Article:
I live and fly a lot in So Cal where the summer temps hit 110f, I don’t let the temperature stop me from flying but the Rotax does complain, oil temps will hit 245f on days when the air temp is over 80f in a continuous climb.
Obviously step climbing or lowering RPM will reduce the temps but……………….
I looked for a way that I could maintain 220f or less oil temperature regardless of the outside temperature or demands I put on the engine. My muffler is already spaced 1 ½ inches from the oil cooler via a lower cowl mod.
First I tried different prop pitches, no significant improvement. Next I tried shielding the oil cooler from the radiant heat of the muffler, that seemed to help a few degrees, but not the improvement I was looking for. I placed a baffled in the front plenum to divert some coolant radiator air to the oil cooler, this gave hotter coolant but didn’t improve the oil temps. I opened the rear of the cowl by 20% where the air exits using spacers under the cowl screws, no improvement. I created a ram air intake of approximately 8 square inches using the oil cooler door, no improvement.
My final idea was to add a second oil cooler. After a long search I decided on a Setrab 50-116-7612 oil cooler. It has a frontal area of approximately 4” square and is 2” thick with 16 rows. It has roughly the same total surface area as the OEM cooler. I plumbed it in series with the OEM cooler. Aircraft Specialty Flightlines, was very helpful and built the new hoses for the conversion. I opened a 2.5” hole to the right of the existing oil cooler air passage, directed the air with a 2.5” scat tube to a custom plenum that covers the new oil cooler. The new cooler is mounted 3” from the firewall to allow the air to exit easily.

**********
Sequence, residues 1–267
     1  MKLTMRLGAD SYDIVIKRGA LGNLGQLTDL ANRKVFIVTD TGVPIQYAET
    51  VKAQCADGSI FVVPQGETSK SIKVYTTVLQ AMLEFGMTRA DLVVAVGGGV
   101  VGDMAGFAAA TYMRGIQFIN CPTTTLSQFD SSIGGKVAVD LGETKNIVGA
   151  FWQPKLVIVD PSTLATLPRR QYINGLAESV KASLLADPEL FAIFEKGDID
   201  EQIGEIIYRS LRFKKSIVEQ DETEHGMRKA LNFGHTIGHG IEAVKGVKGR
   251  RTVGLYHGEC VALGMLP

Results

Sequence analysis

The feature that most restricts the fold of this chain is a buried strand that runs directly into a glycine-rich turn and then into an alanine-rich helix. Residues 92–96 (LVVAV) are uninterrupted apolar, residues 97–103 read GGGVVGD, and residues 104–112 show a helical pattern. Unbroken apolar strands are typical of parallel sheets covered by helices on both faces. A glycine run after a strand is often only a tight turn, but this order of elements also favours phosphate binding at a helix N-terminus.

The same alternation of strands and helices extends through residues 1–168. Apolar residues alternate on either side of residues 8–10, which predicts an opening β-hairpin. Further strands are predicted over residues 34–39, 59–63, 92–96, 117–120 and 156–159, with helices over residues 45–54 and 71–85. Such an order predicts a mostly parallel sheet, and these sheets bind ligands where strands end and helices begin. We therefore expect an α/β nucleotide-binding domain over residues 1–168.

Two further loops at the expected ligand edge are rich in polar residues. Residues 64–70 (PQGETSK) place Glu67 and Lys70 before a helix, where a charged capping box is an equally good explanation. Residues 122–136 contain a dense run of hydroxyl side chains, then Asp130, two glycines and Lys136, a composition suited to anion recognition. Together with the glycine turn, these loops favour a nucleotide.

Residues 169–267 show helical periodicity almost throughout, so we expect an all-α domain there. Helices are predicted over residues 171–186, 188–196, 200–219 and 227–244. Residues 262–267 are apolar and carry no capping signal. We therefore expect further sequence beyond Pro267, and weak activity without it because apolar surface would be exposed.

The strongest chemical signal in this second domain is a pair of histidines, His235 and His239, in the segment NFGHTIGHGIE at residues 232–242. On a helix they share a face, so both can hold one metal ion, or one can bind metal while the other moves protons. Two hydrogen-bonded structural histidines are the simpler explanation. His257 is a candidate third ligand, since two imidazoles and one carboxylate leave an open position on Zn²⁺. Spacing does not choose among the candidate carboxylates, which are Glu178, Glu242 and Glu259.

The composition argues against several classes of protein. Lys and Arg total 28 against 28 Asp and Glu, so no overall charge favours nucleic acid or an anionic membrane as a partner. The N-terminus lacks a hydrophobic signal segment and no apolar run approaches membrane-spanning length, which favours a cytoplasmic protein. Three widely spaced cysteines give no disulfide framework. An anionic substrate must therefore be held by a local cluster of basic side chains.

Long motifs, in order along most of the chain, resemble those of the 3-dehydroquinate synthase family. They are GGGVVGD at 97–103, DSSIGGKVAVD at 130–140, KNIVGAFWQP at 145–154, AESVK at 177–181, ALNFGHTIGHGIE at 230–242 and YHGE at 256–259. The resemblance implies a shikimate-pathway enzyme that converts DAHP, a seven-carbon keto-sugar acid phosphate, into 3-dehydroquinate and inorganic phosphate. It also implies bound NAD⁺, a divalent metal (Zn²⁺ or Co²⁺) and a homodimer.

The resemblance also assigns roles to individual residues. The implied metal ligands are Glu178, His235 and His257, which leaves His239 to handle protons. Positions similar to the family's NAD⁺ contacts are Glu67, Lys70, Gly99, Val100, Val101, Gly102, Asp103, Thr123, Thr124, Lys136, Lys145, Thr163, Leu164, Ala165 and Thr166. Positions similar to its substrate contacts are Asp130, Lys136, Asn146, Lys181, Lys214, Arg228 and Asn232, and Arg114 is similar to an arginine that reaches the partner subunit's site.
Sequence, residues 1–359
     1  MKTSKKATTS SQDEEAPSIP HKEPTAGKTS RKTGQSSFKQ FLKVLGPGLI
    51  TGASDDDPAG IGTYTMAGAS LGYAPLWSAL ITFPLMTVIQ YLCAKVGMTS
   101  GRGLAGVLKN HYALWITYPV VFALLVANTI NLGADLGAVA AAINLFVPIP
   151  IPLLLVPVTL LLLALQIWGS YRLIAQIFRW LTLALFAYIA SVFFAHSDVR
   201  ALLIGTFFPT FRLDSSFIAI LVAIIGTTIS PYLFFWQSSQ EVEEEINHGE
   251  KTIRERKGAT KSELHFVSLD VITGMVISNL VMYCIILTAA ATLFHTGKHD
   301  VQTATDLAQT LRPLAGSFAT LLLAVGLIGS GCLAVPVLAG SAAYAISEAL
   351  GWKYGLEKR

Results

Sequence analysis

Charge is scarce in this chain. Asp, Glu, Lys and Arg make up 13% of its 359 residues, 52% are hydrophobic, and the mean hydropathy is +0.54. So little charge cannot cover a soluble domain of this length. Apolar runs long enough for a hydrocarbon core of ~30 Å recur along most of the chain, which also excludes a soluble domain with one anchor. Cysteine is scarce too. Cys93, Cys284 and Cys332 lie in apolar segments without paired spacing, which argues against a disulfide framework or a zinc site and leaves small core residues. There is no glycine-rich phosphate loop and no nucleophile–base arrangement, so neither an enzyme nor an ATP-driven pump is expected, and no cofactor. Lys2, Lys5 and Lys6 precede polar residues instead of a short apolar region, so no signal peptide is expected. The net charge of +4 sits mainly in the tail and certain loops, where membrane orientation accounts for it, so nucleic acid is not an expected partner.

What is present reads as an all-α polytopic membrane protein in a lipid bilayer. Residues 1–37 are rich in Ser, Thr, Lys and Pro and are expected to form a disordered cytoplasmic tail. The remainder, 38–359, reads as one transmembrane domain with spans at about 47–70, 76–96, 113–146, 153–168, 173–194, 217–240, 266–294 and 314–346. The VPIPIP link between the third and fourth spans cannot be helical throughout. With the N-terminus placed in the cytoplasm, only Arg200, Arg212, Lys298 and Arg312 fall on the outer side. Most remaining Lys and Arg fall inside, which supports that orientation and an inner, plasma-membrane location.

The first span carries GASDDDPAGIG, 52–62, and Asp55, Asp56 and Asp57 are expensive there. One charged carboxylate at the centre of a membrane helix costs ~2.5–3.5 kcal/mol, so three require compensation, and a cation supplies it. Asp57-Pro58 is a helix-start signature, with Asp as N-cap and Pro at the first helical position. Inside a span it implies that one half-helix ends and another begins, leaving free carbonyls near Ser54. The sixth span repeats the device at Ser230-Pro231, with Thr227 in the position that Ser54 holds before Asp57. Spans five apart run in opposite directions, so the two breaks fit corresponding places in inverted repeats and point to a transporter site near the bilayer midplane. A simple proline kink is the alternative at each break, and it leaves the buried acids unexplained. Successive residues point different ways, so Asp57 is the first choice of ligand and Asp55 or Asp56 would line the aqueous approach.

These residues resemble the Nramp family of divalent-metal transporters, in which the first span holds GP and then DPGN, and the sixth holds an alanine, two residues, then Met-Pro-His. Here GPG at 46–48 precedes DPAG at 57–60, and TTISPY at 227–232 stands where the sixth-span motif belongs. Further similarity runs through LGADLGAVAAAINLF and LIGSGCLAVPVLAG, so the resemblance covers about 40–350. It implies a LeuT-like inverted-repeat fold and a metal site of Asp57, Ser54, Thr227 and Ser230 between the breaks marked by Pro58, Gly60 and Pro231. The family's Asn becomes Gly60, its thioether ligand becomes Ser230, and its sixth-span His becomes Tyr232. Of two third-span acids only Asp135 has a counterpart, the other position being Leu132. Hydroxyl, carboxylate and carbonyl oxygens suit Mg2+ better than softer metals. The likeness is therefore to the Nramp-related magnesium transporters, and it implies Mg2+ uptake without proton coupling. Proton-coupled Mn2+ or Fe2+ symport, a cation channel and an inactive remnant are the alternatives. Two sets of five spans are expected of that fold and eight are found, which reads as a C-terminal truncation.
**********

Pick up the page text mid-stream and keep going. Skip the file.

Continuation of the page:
I currently have 15 hours on the mod and have been able to get the oil to 235f by force, flying totally wrong, 85f day, 1 notch flaps, 61 kts, climbing 700fpm for 4000’. As soon as I dropped the nose and hit 85 kts within 2 minutes the oil was 222f and falling. Typically I see 200 – 205f in cruise 5400 RPM, 116 kts, 3500ft. On normal climbs that I would have hit 245f by the time I climbed 3000’ I now can climb continuous to 8000’ and stay under 220f. I will add more flight temperature info when the daily temps get back in the 100’s. The total added weight of the conversion was 2.8 pounds.
I finally had an extremely HOT day to put the 2nd oil cooler to the test. On the way back to So Cal from Montana I stopped by Hurricane UT. for gas. It was noon and HOT, the plane was at gross. The density altitude was 7300 and my engine was hot from the flight in. On departure the air temp was 104f. I climbed out at 85 – 90 kts continuous to 13,000’ DA. The oil peaked at 225f about 5 minutes into the climb then fell back. Coolant also peaked at 230f and fell back. I kept the throttle at 100% until I reached 13,000 DA. When I leveled off the oil was 201f.
Oil cooler fittings – https://www.amazon.com/dp/B078CR3V9D?psc=1&ref=ppx_yo2ov_dt_b_product_details
Conductive teflon firesleeved hoses – https://www.aircraftspecialty.com/rv-12.html
I made the oil cooler mount out of .062 aluminum, it supports the oil cooler off the firewall 3”. The plenum was designed using a blue foam core to get the internal shape and alignment for the SCAT tube. Fiberglass and epoxy resin was used for the layup. Another 2 ½ fiberglass tube was made then attached to the lower cowl for the incoming air. The SCAT tube is 2 ½ “ by 12 “.
The following pictures should help explain the process.